- The Washington Times - Saturday, April 29, 2006


By Shelby Steele

HarperCollins, $24.95, 181 pages


“Just what the blue blazes goes on here anyway?” may be the largest of all the questions swirling in our cultural downdraft. To this query Shelby Steele gives as piercing and personal an answer as I can imagine.

It is a clever and paradoxical answer and, ultimately, a grandly tragic one: In the context of the civil rights revolution, whites, to expiate their guilt for “centuries of oppression,” vacated their moral authority, their power to differentiate right from wrong and act upon the distinction. When it came to race, whites weren’t to “judge” any longer. Black “leaders,” supported and egged on by the white cultural rebels of the 1960s and ‘70s, saw their chance and took it. All they had to do to get money, preferment or both was open their mouths and rub in the guilt.

“White guilt,” says Shelby Steele, “had inadvertently opened up racism as the single greatest opportunity available to blacks from the mid-sixties on — this for a people with no other ready source of capital with which to launch itself into greater freedom.” It has come about that “We blacks always experience white guilt as an incentive, almost a command, to somehow exhibit racial woundedness and animus.”

Mr. Steele, currently a fellow at the Hoover Institution, worked all this out on a drive from Los Angeles to northern California in 1998. He wanted to know how it had happened that Americans had so sharply shifted their moral priorities — of which shift Bill Clinton was the beamish beneficiary. Not many years earlier, a Monica Lewinsky-like escapade would have ruined a sitting president. There was now, it turned out, a sin deadlier than sexual immorality, and that was racism — the sin above which our “first black president,” as Mr. Clinton was jocularly known, had risen easily.

Mr. Steele thought as he drove and drove as he thought. From this spiritual journey (why the exercise was not sooner put to paper the author doesn’t say) comes a mind-clearing post-mortem that can be read in a couple of hours and studied, as it should be, for much longer. “White Guilt” is a brilliant little essay, deserving of a large and appreciative audience.

I have said of Mr. Steele’s answer to his own question — what happened? — that it partakes of tragedy. I speak as a white Southerner who notes what a great moral triumph there was for all in the inevitable overthrow of racial segregation. For the first time ever, white and black had the chance to get on with the business of life, persuaded to look for the best (e.g., Condi Rice) rather than the worst (e.g., Byron de la Beckwith) in each other. The subsequent tragedy was that we found ourselves caught up in a new dance, the old one having stopped abruptly.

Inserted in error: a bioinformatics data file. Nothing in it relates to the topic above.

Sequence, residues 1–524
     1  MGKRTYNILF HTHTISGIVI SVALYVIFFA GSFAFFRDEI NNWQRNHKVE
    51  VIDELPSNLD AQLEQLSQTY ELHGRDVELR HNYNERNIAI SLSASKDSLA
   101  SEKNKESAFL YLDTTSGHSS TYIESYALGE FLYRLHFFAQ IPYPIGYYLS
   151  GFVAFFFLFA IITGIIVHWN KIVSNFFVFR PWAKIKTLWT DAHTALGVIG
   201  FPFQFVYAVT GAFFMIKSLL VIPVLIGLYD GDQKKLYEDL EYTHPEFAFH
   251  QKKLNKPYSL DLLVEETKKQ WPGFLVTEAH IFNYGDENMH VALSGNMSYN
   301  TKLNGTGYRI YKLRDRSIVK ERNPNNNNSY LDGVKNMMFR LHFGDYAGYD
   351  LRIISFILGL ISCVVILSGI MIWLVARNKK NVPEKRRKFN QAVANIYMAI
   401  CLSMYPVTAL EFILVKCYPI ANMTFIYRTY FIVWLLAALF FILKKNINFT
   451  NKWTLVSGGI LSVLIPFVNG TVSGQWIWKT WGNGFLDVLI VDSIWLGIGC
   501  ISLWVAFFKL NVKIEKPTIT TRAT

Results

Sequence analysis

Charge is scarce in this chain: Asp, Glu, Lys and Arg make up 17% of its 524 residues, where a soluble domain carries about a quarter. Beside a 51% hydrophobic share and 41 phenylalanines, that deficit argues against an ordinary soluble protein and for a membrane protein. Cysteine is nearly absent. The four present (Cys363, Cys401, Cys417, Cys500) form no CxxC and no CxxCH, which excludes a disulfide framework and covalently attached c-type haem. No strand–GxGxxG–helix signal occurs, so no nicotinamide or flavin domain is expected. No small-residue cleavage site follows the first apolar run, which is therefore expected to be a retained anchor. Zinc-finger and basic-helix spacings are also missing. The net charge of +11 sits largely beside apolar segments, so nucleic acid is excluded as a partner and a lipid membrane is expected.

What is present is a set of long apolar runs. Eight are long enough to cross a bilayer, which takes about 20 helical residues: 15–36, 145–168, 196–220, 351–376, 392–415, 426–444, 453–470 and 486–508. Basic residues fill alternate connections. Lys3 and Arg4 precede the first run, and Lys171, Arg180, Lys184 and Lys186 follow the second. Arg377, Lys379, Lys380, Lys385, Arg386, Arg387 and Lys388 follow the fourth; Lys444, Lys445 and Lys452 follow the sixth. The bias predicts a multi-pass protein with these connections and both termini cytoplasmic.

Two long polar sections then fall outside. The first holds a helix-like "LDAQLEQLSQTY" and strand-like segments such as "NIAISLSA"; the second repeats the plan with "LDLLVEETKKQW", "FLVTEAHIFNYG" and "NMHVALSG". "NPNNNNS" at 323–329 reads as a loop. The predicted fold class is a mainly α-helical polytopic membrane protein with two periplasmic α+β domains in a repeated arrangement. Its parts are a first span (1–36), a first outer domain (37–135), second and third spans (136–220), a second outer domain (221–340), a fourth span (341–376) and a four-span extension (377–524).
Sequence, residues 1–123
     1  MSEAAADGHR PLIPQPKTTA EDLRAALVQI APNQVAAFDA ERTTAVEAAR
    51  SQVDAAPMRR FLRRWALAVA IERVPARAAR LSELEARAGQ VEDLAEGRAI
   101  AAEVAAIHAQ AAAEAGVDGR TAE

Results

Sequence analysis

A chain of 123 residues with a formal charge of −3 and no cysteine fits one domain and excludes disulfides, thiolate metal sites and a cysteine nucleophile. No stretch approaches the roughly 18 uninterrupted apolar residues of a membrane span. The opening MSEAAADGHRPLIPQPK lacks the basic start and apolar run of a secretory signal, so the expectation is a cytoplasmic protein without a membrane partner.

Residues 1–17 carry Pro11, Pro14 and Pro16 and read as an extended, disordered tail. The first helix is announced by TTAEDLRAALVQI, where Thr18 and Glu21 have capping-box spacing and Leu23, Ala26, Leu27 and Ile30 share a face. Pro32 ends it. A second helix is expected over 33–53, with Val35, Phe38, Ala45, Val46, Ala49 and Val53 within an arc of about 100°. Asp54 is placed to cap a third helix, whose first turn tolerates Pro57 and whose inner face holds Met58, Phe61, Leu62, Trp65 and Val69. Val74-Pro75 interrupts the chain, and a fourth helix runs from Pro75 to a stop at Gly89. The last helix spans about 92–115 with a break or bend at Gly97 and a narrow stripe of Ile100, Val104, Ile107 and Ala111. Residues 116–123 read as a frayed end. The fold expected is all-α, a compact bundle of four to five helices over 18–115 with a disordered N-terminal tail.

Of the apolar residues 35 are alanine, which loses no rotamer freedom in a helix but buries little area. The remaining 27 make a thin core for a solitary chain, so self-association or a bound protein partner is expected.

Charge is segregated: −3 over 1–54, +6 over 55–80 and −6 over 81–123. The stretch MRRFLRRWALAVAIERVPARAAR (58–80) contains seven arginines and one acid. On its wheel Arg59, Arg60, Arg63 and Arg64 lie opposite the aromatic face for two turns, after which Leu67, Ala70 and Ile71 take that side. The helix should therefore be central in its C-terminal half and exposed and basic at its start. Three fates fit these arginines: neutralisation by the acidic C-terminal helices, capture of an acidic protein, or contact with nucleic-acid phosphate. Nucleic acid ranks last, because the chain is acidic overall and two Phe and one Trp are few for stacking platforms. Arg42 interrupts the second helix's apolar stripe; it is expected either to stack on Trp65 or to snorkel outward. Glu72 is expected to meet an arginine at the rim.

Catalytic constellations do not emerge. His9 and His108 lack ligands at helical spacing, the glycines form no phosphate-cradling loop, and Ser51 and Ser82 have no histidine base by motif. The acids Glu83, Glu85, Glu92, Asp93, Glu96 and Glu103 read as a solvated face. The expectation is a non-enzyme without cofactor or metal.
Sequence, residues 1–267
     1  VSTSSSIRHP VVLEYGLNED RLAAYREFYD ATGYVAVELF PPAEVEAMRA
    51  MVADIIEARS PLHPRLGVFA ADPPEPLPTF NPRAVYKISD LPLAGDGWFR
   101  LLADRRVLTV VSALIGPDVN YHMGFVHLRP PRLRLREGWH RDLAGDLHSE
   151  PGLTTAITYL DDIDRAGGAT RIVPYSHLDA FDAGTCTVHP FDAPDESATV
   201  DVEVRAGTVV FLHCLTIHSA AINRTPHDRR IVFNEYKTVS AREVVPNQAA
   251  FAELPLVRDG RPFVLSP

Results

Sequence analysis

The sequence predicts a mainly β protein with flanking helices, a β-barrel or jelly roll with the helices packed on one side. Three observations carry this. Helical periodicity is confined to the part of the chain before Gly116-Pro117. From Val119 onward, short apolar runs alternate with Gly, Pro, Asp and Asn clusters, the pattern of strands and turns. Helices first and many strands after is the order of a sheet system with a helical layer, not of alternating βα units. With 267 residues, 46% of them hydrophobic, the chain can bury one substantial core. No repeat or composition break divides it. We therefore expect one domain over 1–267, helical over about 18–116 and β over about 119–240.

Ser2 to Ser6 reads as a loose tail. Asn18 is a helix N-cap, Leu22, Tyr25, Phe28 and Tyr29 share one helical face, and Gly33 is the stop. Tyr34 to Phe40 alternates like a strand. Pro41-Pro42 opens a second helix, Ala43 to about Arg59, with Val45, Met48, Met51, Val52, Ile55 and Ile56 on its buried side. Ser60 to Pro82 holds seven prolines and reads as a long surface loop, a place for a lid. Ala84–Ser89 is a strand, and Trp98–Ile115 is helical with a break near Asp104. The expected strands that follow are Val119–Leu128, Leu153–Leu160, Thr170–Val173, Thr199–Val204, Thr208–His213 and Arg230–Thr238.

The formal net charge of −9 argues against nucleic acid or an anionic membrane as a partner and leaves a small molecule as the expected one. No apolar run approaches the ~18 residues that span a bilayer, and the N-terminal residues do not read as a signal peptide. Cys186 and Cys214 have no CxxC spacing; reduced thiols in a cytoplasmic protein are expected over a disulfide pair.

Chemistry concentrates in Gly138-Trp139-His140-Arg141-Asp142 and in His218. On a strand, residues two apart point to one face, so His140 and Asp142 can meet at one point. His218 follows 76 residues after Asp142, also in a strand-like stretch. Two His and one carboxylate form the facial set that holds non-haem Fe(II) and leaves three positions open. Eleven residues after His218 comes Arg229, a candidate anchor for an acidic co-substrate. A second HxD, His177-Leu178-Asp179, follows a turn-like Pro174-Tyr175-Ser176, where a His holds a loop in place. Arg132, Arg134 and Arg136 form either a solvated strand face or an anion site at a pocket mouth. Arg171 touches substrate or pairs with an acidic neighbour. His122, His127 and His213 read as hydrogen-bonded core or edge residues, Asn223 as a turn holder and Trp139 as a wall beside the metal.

It happened that the civil rights revolution preceded and in some degree inspired the counterculture, which had vast contempt for the old culture anyway and hesitated not at all to heap additional guilt on the oppressors. When the left seized control of the racial debate, the game was up. Racial puritanism replaced the Puritanism (such as it was) of male-female interaction.

The left wasn’t going to let the oppressors off lightly, oh, no. Victims it needed; victims it got. Blacks were “to be ‘Sambo-ized,’ to be merchandised to whites as inferiors and victims.” Even blacks like Shelby Steele, smart as a whip, had to fight exemption from victimhood, an estate imputed to him by academic colleagues solely on the basis of skin color.

The effect on whites was electric. Scared out of their wits lest some liberal impute racism to them, whites began to seek absolution through “‘diversity,’ politically correct language, political liberalism itself.” None of these provide incentive “to understand blacks as human beings” who face social disasters — illiteracy, illegitimacy, sub-mediocre educational institutions — better treatable in a moral hospital than a courtroom.

In the more broadly humane policies of the Bush administration, Mr. Steele sees some expiation for the idiocies of the past. Yes, Mr. Bush engages in dissociation. He talks the talk, appoints the blacks. But he gets it.

“His ‘bigotry of low expectations’ statement was the first and most far-reaching enunication of social policy” since the Great Society, writes Mr. Steele. “It offered a new direction for social reform and, especially, a new theory: dissociation from the racist past through principle and individual responsibility rather than at the expense of those things. Mr. Bush is the first conservative president to openly compete with the left in the arena of ideas around poverty, education, and race. He has attempted to establish conservatism as a philosophy of social reform.”

On goes the battle. At least maybe — thanks to Shelby Steele — we understand better the terrain, not to mention the awful stakes.

William Murchison is Radford Distinguished Professor of Journalism at Baylor University and a syndicated columnist.

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